By Pension and Benefits Editorial Staff
With school and summer activity schedules greatly altered as America continues to re-open in the wake of the coronavirus, the Department of Labor’s Wage and Hour Division on June 26 issued Field Assistance Bulletin (FAB) 2020-4 to address school and camp or summer program closures—and what they mean. The FAB addresses how to determine paid sick or expanded family and medical leave eligibility under the Families First Coronavirus Response Act (FFCRA) based on the closure of summer camps, summer enrichment programs, or other summer programs.
When are summer camps or other programs "closed" for leave purposes? FAB 2020-4 provides guidance on when an employee qualifies to take paid leave under the FFCRA to care for his or her child based on the closure of a summer camp, summer enrichment program, or other summer program for coronavirus-related reasons.
Many summer camps and programs were closed in response to COVID-19 before any children began to attend and, in some cases, before they began to enroll. Thus, unlike schools and day care centers, such camps and programs therefore would not have been places of care of any child at the time they closed. Accordingly, determining whether a camp or program is the place of care of an employee’s child may be confusing.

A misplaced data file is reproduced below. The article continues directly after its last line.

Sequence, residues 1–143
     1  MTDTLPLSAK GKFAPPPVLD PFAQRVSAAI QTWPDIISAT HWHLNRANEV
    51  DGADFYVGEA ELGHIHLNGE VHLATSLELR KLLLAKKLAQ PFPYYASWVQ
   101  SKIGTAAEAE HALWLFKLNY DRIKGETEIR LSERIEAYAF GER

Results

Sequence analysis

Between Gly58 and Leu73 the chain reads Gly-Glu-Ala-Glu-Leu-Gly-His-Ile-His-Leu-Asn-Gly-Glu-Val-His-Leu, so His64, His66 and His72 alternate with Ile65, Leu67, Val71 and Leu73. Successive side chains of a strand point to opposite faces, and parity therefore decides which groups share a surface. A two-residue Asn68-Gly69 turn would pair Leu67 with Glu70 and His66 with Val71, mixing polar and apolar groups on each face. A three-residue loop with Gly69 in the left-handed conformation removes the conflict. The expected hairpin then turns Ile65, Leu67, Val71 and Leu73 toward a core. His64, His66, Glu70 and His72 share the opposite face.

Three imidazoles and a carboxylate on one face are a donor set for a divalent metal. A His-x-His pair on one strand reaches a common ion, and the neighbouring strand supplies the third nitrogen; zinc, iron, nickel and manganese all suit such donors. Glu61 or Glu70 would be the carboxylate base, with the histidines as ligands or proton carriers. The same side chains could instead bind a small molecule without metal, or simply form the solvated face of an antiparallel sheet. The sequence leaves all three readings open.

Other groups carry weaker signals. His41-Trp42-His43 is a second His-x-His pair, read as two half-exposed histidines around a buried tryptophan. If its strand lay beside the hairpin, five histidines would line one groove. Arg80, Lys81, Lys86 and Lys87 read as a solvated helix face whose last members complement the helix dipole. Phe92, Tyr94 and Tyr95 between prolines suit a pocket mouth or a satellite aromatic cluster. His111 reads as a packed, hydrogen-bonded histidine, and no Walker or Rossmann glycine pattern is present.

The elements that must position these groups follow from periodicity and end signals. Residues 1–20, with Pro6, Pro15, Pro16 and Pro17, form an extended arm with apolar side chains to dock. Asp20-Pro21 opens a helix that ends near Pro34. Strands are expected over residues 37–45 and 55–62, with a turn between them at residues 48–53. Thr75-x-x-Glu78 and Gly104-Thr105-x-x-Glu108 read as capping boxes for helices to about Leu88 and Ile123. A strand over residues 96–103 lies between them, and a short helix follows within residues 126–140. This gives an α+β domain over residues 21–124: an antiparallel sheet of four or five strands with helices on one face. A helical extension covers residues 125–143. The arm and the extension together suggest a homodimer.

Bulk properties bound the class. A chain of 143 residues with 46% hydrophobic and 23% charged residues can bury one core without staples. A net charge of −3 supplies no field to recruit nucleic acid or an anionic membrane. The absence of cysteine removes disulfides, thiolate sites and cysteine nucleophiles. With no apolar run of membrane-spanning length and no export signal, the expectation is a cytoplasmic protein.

What would have been the plan. Generally, an employee who requests leave to care for his or her child based on the closure of a summer camp, summer enrichment program, or other summer program should provide the name of the child, the name of the specific summer camp or program that would have been the place of care for the child had it not closed, and a statement that no other suitable person is available to care for the child (29 C.F.R. § 826.100(e)(2)). This requirement to name a specific summer camp or program may be satisfied if the child, for example, applied to or was enrolled in the summer camp or program before it closed, or if the child attended the camp or program in prior summers and was eligible to attend again, among other potential circumstances.
A child who, for example, only recently met the age requirement for a summer camp could not have attended the camp in prior years. The same would be true of a child who recently moved from an area not serviced by the summer camp that the child planned to attend this summer, or of a child whose parents had not yet made summer arrangements at the outset of the COVID-19 pandemic and delayed doing so due to uncertainty surrounding summer camps’ and programs’ operations. In such circumstances, there may nonetheless be indicators that a particular camp or program would have been the child’s place of care this summer, for example, by being accepted to a waitlist pending the reopening of the camp or program or the reopening of its registration process.
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